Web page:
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The Crime of Reason

The Crime of Reason

And the Closing of the Scientific Mind

We all agree that the free flow of ideas is essential to creativity. And we like to believe that in our modern, technological world, information is more freely available and flows faster than ever before. But according to Nobel Laureate Robert Laughlin, acquiring information is becoming a danger or even a crime. Increasingly, the really valuable information is private property or a state secret, with the result that it is now easy for a flash of insight, entirely innocently, to infringe a patent or threaten national security. The public pays little attention because this vital information is “technical”—but, Laughlin argues, information is often labeled technical so it can be sequestered, not sequestered because it's technical. The increasing restrictions on information in such fields as cryptography, biotechnology, and computer software design are creating a new Dark Age: a time characterized not by light and truth but by disinformation and ignorance. Thus we find ourselves dealing more and more with the Crime of Reason, the antisocial and sometimes outright illegal nature of certain intellectual activities.

The Crime of Reason is a reader-friendly jeremiad, On Bullshit for the Slashdot and Creative Commons crowd: a short, fiercely argued essay on a problem of increasing concern to people at the frontiers of new ideas.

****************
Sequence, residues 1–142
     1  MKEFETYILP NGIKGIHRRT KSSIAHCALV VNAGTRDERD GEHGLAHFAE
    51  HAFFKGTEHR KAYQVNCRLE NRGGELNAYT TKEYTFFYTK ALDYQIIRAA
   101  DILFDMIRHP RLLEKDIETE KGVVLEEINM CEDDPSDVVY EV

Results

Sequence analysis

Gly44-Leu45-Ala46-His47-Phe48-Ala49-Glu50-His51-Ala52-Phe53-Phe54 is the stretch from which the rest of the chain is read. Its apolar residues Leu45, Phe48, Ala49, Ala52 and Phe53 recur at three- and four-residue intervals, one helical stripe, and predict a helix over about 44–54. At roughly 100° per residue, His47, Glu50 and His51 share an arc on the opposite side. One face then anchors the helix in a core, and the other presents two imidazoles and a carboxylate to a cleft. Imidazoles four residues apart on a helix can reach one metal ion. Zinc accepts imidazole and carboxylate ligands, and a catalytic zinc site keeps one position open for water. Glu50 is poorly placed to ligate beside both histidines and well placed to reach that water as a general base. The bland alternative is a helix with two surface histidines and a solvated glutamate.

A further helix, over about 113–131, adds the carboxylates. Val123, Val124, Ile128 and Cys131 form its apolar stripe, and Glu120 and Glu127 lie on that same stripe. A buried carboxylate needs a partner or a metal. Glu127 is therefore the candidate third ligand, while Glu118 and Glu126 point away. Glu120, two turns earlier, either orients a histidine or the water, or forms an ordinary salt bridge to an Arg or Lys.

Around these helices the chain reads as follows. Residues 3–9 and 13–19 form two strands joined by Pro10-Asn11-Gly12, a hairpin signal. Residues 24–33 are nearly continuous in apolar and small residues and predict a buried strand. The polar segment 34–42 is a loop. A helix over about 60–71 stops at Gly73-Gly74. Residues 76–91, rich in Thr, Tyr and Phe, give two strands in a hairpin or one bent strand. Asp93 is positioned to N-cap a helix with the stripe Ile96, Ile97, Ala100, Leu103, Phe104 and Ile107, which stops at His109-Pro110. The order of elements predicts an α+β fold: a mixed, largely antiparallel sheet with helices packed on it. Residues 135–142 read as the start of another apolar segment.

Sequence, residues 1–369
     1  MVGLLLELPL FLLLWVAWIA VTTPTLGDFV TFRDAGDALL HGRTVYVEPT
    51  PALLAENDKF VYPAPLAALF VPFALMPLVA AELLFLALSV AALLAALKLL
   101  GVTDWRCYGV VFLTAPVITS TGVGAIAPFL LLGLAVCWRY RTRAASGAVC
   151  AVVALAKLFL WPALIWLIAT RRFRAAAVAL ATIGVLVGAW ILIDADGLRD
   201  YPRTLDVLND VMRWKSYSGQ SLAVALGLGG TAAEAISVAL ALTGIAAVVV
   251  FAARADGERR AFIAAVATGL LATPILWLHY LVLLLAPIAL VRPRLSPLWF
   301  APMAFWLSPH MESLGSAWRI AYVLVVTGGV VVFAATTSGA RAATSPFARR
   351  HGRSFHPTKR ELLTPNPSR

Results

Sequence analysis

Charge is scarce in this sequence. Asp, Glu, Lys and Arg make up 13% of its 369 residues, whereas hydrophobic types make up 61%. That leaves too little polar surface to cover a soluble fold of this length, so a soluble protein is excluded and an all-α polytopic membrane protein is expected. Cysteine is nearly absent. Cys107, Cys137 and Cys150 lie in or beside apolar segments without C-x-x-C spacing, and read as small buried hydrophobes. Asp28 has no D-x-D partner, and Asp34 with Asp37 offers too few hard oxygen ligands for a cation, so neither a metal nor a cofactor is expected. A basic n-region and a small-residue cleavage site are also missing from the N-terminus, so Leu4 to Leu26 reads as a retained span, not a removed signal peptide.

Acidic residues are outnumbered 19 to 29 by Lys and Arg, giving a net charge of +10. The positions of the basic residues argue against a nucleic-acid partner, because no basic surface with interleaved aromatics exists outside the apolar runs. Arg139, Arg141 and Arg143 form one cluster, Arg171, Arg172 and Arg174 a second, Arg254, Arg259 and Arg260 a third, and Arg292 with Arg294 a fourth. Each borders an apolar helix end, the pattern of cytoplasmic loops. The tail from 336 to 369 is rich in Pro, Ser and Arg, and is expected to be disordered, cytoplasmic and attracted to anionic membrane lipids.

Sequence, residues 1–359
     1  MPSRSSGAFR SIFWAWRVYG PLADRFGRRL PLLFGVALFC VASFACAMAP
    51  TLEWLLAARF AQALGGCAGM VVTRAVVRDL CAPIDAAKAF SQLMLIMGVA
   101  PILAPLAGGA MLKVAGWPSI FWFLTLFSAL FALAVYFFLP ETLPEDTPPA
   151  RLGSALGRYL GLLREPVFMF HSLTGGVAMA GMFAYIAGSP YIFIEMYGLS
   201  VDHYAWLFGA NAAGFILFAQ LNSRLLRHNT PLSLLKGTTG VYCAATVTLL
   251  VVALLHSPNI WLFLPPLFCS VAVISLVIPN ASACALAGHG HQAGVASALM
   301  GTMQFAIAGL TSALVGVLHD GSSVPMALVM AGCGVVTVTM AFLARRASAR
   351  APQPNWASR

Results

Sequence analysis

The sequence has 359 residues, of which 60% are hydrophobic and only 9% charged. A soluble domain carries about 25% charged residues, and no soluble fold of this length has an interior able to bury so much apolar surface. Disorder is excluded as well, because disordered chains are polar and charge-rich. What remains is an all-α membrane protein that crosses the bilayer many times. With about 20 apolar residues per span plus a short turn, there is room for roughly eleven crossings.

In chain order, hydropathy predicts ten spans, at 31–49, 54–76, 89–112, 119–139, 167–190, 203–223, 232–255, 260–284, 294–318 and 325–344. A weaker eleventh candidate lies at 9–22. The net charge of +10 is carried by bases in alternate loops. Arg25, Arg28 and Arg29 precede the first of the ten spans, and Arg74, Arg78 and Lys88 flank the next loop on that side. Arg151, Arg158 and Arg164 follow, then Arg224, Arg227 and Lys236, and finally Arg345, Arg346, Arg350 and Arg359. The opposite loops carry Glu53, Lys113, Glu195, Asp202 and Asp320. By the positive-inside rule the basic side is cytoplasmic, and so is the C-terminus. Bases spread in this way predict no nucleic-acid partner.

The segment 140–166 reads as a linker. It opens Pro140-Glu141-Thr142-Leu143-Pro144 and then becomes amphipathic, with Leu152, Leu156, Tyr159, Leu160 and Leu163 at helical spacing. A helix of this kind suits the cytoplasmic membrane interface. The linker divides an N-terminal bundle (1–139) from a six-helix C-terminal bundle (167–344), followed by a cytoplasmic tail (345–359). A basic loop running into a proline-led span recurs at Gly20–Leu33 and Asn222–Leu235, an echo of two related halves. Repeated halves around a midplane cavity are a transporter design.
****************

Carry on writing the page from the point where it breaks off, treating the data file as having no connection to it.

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Genre: Nonfiction / Science

On Sale: September 23rd 2008

Price: $8.99 / $10.99 (CAD)

Page Count: 192

ISBN-13: 9780786726318

What's Inside

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Reader Reviews


Peter Thiel, President, Clarium Capital Management
"Nobel Laureate Robert Laughlin convincingly argues that we are on the verge of a new dark age as scientific and technical knowledge become the province of experts and the broader populace becomes more ignorant. The Crime of Reason is an eloquent plea for our civilization to keep its lights on."

Library Journal
"With humorous honesty (it can be fun to think apocalyptically from time to time), Laughlin uncovers the barriers scientists, engineers, and laypeople encounter when they try to learn how the world works by standing on the shoulders of giants, the discoveries of others.. His argument is profound and not easy to dismiss."

The Tennessean
“In this jeremiad against the stifling constraints of commercialized culture…Laughlin explains the problems well.”
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